Gifts and Invites

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It might be time to throw away some old-fashioned social norms.  In particular, I am speaking of gift giving and invitations.

No, I’m not saying we should STOP giving gifts and STOP inviting people to things.  Rather, I feel it is time to stop having negative emotional responses to them.

Hear me out here.  Gift giving a a thoughtful process, right?  You see something that you think someone else will enjoy, so you buy it for them.  Sometimes it is spontaneous and sometimes it’s for a specific occasion.

But here’s where the obsolete social norm comes into play.  If someone gives us a gift, we feel compelled to return the favor.  Right?  WHY?  I mean, really…why?  Isn’t the whole idea of a gift….well, giving?  I know someone who keeps a closet full of random, wrapped gifts, just in case someone brings a gift over and they were caught un-prepared.

“Oh, my!  Thank you for this amazing print of the cover art from Pink Floyd’s Dark Side of the Moon.  It just so happens, I have something for you too!  Haven’t you always wanted a set of Tiffany glasses???”

I’m sorry…I would almost be MORE offended for getting a thoughtless reciprocated-induced gift, than no gift at all.  The best gifts are the genuine gifts.  Not gifts for gifts sake.

Which brings us to invitations.  Invites are a funny thing.  Have you ever invited someone because you felt you had to?  How about NOT inviting someone because you thought they wouldn’t have fun or wouldn’t be able to make it anyway?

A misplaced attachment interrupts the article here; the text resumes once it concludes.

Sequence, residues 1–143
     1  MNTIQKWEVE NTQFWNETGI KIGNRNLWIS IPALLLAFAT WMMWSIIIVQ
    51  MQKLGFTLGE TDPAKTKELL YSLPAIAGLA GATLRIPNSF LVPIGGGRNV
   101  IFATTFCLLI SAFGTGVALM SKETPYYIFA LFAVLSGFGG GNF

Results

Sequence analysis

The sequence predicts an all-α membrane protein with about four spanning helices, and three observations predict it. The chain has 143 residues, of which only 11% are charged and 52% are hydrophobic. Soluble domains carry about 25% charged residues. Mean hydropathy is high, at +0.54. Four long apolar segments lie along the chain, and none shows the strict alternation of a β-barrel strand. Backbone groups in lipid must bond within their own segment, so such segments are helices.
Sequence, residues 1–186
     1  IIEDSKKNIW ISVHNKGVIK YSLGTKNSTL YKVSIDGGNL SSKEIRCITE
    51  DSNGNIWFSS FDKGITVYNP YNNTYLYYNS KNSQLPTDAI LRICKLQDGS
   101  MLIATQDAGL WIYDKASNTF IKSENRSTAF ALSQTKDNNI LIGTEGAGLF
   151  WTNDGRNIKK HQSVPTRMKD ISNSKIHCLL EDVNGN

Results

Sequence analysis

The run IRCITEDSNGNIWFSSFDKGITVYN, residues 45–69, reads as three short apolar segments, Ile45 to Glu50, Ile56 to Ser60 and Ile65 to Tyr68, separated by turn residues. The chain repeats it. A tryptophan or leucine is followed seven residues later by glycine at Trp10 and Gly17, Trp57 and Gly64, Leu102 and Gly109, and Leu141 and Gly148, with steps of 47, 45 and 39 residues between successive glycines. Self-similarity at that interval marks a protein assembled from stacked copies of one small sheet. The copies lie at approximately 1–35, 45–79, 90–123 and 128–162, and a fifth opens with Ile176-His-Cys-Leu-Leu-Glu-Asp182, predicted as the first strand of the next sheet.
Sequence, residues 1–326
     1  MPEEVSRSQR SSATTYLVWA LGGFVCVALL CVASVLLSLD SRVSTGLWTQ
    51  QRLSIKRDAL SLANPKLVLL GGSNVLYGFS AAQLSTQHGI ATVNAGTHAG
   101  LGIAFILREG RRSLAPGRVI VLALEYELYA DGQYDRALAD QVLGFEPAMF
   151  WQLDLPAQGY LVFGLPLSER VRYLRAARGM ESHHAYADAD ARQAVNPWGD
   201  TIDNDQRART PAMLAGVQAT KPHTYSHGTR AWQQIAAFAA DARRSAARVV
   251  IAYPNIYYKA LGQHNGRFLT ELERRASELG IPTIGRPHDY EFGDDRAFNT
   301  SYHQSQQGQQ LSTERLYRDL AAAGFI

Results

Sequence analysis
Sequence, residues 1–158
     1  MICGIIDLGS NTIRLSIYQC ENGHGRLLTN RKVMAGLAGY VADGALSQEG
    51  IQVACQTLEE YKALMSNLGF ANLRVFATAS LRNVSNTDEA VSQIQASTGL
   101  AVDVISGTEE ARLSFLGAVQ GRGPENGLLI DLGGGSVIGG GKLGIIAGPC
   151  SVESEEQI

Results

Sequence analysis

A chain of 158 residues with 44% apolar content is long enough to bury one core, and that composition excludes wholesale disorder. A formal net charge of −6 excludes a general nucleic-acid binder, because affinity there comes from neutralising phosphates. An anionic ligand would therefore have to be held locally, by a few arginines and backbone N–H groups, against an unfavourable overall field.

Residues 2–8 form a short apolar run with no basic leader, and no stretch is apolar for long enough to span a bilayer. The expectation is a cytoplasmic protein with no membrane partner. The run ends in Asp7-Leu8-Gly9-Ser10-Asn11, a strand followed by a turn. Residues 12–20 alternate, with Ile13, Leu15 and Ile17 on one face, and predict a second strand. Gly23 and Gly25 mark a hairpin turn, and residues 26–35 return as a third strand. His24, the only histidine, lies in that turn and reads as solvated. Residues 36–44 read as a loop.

Hogwash to both, I say.  Again, the purpose of invitations is to invite people to a certain gathering or occasion you are organizing.  There should be a definite reason and desire behind each invitation.  Invites should NOT be influenced by what someone may or may not think about said invitation.  They should be focused on whether or not YOU want them at the occasion.

On the flip side, if you don’t get invited, try not to be too harsh on the invitee.  There could be NUMEROUS reasons you don’t get invited.  If it truly bothers you, then you should ask them directly, but not offensively.  This could be the third social norm that is outdated.

“I don’t want to ask them because they might get offended.”  Wait, so you would rather stew about being offended, then have a conversation about it?  Not healthy, my friends.  Not healthy at all.

The idea here is to stay genuine.  Genuine gifts leads to genuine happiness. Genuine invites leads to genuine happiness.  Genuine conversations leads to….well, genuine answers, which is where we should all strive to be.  It’s how we all become better and happier in the long run….genuinely.

Examine.

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